Document Detail

Current trends in immunosuppressive therapies for renal transplant recipients.
MedLine Citation:
PMID:  23135563     Owner:  NLM     Status:  In-Data-Review    
Purpose Current trends in immunosuppressive therapies for renal transplant recipients are reviewed. Summary The common premise for immunosuppressive therapies in renal transplantation is to use multiple agents to work on different immunologic targets. The use of a multidrug regimen allows for pharmacologic activity at several key steps in the T-cell replication process and lower dosages of each individual agent, thereby producing fewer drug-related toxicities. In general, there are three stages of clinical immunosuppression: induction therapy, maintenance therapy, and treatment of an established acute rejection episode. Only immunosuppressive therapies used for maintenance therapy are discussed in detail in this review. The most common maintenance immunosuppressive agents can be divided into five classes: (1) the calcineurin inhibitors (CNIs) (cyclosporine and tacrolimus), (2) costimulation blockers (belatacept), (3) mammalian target of rapamycin inhibitors (sirolimus and everolimus), (4) antiproliferatives (azathioprine and mycophenolic acid derivatives), and (5) corticosteroids. Immunosuppressive regimens vary among transplantation centers but most often include a CNI and an adjuvant agent, with or without corticosteroids. Selection of appropriate immunosuppressive regimens should be patient specific, taking into account the medications' pharmacologic properties, adverse-event profile, and potential drug-drug interactions, as well as the patient's preexisting diseases, risk of rejection, and medication regimen. Conclusion Advancements in transplant immunosuppression have resulted in a significant reduction in acute cellular rejection and a modest increase in long-term patient and graft survival. Because the optimal immunosuppression regimen is still unknown, immunosuppressant use should be influenced by institutional preference and tailored to the immunologic risk of the patient and adverse-effect profile of the drug.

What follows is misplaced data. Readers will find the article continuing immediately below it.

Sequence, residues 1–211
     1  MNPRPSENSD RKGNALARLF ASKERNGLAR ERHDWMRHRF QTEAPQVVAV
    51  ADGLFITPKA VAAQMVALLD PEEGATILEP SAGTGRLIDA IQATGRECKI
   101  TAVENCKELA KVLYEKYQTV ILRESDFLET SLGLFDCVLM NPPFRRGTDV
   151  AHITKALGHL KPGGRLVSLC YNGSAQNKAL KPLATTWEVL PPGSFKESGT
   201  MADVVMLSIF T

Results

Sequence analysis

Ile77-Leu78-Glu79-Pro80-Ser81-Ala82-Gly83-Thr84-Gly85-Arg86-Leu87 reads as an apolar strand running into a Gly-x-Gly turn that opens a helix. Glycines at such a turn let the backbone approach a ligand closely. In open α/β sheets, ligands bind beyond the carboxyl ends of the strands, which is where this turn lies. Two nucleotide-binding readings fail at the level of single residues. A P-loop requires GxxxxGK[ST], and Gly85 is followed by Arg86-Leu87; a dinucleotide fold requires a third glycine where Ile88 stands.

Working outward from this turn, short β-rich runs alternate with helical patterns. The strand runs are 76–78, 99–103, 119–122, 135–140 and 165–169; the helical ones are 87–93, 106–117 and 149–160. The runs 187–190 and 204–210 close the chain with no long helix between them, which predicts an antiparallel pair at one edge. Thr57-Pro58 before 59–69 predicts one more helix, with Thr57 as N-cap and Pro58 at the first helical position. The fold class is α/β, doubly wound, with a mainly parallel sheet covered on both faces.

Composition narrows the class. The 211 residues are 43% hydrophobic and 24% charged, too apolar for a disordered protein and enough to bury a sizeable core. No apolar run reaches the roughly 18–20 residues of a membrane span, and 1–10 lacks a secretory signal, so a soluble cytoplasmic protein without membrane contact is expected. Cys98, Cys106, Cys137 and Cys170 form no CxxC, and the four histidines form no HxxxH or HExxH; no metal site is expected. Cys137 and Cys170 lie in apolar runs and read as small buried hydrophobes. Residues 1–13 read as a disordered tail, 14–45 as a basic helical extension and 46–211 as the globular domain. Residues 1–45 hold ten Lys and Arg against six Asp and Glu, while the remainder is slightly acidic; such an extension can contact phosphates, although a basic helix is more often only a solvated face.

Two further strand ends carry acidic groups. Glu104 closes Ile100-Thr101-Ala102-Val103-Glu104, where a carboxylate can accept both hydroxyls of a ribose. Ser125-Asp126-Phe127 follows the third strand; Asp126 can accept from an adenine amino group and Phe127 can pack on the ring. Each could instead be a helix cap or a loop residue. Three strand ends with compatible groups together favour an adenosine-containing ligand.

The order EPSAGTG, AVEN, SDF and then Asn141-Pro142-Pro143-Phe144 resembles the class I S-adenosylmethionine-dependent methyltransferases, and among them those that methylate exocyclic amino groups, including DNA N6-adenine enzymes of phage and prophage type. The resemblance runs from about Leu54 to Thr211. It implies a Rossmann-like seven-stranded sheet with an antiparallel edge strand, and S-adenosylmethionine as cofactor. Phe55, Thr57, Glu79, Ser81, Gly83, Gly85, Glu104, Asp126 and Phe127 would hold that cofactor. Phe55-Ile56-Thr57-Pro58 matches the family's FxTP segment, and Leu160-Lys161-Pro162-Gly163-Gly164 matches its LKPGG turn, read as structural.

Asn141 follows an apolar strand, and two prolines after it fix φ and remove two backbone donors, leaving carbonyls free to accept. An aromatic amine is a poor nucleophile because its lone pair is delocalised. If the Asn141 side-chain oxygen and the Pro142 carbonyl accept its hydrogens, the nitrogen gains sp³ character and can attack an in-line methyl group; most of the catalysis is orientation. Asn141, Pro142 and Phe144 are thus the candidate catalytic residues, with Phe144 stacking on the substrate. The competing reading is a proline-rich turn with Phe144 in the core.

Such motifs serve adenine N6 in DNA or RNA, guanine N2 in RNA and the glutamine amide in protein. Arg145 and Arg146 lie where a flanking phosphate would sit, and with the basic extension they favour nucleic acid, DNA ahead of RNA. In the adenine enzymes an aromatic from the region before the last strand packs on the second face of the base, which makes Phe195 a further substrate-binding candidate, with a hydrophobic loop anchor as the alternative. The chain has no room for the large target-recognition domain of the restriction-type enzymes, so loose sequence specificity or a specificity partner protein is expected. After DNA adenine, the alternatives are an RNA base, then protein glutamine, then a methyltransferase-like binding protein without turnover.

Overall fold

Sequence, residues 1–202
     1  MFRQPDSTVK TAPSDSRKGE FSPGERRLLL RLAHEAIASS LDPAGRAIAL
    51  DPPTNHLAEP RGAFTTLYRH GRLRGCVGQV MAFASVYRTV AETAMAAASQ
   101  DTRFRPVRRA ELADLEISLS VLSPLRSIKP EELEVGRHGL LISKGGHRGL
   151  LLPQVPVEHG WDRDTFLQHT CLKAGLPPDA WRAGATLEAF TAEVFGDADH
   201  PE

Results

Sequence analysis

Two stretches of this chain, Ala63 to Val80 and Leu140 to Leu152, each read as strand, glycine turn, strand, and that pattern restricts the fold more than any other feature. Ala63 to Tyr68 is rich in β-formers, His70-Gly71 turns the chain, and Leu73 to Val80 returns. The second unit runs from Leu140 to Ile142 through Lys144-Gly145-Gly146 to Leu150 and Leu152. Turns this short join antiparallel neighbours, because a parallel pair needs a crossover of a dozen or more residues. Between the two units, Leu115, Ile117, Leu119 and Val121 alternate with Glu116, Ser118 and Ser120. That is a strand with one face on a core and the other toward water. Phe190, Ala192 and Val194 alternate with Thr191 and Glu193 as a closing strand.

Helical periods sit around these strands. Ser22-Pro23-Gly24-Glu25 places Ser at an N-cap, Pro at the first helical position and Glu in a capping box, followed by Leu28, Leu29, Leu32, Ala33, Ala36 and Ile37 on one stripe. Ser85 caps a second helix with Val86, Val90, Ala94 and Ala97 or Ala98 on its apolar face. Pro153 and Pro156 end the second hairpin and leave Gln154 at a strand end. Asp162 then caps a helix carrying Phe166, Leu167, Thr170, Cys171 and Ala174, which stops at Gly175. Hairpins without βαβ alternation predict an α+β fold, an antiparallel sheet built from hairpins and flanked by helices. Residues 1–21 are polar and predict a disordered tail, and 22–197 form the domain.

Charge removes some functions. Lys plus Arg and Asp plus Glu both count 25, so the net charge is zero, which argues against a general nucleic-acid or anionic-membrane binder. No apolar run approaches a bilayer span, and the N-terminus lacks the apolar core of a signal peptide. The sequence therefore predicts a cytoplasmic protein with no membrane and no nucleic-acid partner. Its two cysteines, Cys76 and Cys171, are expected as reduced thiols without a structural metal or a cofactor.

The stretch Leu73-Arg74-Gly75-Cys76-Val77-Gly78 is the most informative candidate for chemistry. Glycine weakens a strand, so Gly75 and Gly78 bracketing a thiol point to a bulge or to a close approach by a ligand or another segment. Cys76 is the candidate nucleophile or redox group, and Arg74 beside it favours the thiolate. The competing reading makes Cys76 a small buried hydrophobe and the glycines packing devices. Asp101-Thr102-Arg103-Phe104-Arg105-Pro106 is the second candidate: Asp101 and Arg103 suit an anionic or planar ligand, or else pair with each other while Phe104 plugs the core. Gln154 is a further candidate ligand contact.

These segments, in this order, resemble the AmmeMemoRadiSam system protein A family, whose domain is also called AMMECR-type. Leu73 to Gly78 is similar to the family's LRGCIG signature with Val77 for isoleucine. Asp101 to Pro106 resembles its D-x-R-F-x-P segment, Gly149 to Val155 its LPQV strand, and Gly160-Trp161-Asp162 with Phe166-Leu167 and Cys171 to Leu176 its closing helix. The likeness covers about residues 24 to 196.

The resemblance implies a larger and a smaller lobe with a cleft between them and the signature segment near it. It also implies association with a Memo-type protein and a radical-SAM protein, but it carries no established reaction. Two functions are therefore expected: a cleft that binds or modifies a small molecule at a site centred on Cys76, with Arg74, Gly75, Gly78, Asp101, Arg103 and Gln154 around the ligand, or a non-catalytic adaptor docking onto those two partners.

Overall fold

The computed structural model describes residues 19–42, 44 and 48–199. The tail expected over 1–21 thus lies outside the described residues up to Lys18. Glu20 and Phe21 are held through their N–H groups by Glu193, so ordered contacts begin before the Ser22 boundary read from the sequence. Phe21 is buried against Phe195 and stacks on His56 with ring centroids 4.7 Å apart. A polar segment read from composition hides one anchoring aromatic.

Ruth-Ann Lee; Steven Gabardi
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Publication Detail:
Type:  Journal Article    
Journal Detail:
Title:  American journal of health-system pharmacy : AJHP : official journal of the American Society of Health-System Pharmacists     Volume:  69     ISSN:  1535-2900     ISO Abbreviation:  Am J Health Syst Pharm     Publication Date:  2012 Nov 
Date Detail:
Created Date:  2012-11-08     Completed Date:  -     Revised Date:  -    
Medline Journal Info:
Nlm Unique ID:  9503023     Medline TA:  Am J Health Syst Pharm     Country:  United States    
Other Details:
Languages:  eng     Pagination:  1961-75     Citation Subset:  IM    
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